Anne Austin was one of the most popular models of the ‘generation’ that began their careers in the later 1950s (like Lorraine Burnett, Paula Page, Rosa Domaille, Jackie Parker). In 1957, she was described as the ‘most exciting new discovery of the year’ and had the distinction of being the very first model to be featured in Harrison Marks’s famous Solo series.
Photographer Roger Davis recalled Anne in a feature published in Fiesta, in the early 1980s: there was no capacity for harm in her make-up. I doubt if she was capable of rage, or even stress … I suppose the most important physical difference between Anne and the other models was her height. The others were mainly small girls – in height anyway, progressing to medium. But Anne was tall, certainly five feet ten inches – in shoes at least, really high ones more. I’m six foot, and I know I always felt the need to stand up straight and tall as I could when I was with her.
‘Anne was a big girl, Junoesque, but all the same assembled with enormous skill, so that everything balanced perfectly. If you didn’t think you liked big girls, Anne could make you change your mind … To cap it all, Anne was strikingly beautiful, with wonderful colouring, dark hair with coppery natural tints, and green eyes. A knockout …‘She was a well educated and intelligent girl, softly spoken, and without any extreme accent, although from her background [middle-class, Kensington] one might have expected that … Money was obviously no problem in her family and I can only assume that she was modelling because she liked doing it, not from need’.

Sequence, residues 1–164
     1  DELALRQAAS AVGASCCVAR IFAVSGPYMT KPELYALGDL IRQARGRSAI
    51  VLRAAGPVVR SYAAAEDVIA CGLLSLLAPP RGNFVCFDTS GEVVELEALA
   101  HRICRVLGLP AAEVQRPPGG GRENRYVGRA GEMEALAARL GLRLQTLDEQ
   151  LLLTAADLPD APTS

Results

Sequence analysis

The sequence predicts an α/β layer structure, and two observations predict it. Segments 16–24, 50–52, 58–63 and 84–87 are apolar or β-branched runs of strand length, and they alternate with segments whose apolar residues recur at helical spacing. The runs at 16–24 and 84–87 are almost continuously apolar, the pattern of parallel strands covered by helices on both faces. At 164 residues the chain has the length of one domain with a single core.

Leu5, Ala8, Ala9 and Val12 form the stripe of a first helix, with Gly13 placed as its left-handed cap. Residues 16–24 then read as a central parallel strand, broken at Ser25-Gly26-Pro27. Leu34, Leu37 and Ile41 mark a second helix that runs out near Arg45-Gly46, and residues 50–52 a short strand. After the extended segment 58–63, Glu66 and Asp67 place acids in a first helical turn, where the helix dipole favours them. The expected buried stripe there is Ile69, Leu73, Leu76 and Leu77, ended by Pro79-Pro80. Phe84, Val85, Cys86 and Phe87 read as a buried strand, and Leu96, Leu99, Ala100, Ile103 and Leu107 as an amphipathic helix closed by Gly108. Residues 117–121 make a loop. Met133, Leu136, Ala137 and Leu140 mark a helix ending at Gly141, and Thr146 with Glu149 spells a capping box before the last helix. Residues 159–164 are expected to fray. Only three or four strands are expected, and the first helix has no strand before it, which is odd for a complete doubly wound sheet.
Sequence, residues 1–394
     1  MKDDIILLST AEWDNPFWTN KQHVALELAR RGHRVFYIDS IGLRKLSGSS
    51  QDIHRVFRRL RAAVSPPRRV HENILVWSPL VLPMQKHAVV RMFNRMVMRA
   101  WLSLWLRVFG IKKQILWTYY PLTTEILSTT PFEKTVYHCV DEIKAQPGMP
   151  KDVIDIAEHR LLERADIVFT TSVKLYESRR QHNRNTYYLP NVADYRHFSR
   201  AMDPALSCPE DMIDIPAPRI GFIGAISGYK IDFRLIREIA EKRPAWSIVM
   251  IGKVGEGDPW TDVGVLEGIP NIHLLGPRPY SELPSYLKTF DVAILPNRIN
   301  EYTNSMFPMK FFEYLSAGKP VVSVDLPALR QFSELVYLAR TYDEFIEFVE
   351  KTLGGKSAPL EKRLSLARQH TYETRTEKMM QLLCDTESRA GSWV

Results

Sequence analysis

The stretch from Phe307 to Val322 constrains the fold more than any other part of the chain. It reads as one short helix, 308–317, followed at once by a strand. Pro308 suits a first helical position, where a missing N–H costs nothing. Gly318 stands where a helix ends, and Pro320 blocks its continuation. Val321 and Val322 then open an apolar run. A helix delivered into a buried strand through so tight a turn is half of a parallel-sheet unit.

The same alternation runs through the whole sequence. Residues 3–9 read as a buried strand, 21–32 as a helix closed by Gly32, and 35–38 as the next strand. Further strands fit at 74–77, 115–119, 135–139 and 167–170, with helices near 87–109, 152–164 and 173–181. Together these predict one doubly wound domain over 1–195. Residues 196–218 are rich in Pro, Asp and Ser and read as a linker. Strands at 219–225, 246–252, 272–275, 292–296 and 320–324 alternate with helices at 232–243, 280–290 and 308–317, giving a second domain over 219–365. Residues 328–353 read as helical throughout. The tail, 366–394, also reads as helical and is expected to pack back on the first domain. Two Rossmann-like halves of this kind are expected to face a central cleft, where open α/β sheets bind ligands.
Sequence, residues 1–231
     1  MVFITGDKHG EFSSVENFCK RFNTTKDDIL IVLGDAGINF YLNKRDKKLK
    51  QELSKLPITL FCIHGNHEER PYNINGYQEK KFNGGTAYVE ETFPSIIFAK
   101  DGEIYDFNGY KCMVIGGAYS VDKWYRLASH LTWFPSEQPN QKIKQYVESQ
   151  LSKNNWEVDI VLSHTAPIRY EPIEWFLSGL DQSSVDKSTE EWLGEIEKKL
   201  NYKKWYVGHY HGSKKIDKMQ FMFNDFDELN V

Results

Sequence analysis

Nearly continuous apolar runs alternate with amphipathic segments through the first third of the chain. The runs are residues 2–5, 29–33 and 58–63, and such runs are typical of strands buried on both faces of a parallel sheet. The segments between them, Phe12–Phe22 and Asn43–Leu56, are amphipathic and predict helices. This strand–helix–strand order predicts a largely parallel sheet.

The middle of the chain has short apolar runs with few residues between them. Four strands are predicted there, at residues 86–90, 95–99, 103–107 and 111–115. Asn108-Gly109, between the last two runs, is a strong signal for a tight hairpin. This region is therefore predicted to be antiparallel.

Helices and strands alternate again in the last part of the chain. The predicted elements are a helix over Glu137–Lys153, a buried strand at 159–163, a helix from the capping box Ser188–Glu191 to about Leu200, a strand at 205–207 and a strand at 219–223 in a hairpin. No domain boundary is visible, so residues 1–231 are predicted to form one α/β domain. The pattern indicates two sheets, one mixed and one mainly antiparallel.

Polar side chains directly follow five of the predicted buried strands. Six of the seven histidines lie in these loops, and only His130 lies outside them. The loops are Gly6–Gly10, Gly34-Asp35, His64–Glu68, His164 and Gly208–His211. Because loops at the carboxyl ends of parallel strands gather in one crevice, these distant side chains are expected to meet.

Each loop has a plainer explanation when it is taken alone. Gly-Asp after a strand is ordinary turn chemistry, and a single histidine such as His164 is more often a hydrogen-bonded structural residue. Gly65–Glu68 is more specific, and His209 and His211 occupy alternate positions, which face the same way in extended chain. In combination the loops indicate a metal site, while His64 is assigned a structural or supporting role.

"Junoesque" …I like that. I don’t think many folk would use that term these days. Anne appeared in countless publications during the fifties and sixties, but appearances in the mainstream magazines such as Playboy passed her by. A shame, I would have loved to see what the stylists on the magazine would have done with such a beautiful girl.
Sources: Richard Tearle & Malcolm MacDonald Geemahn at 60’s Glam Database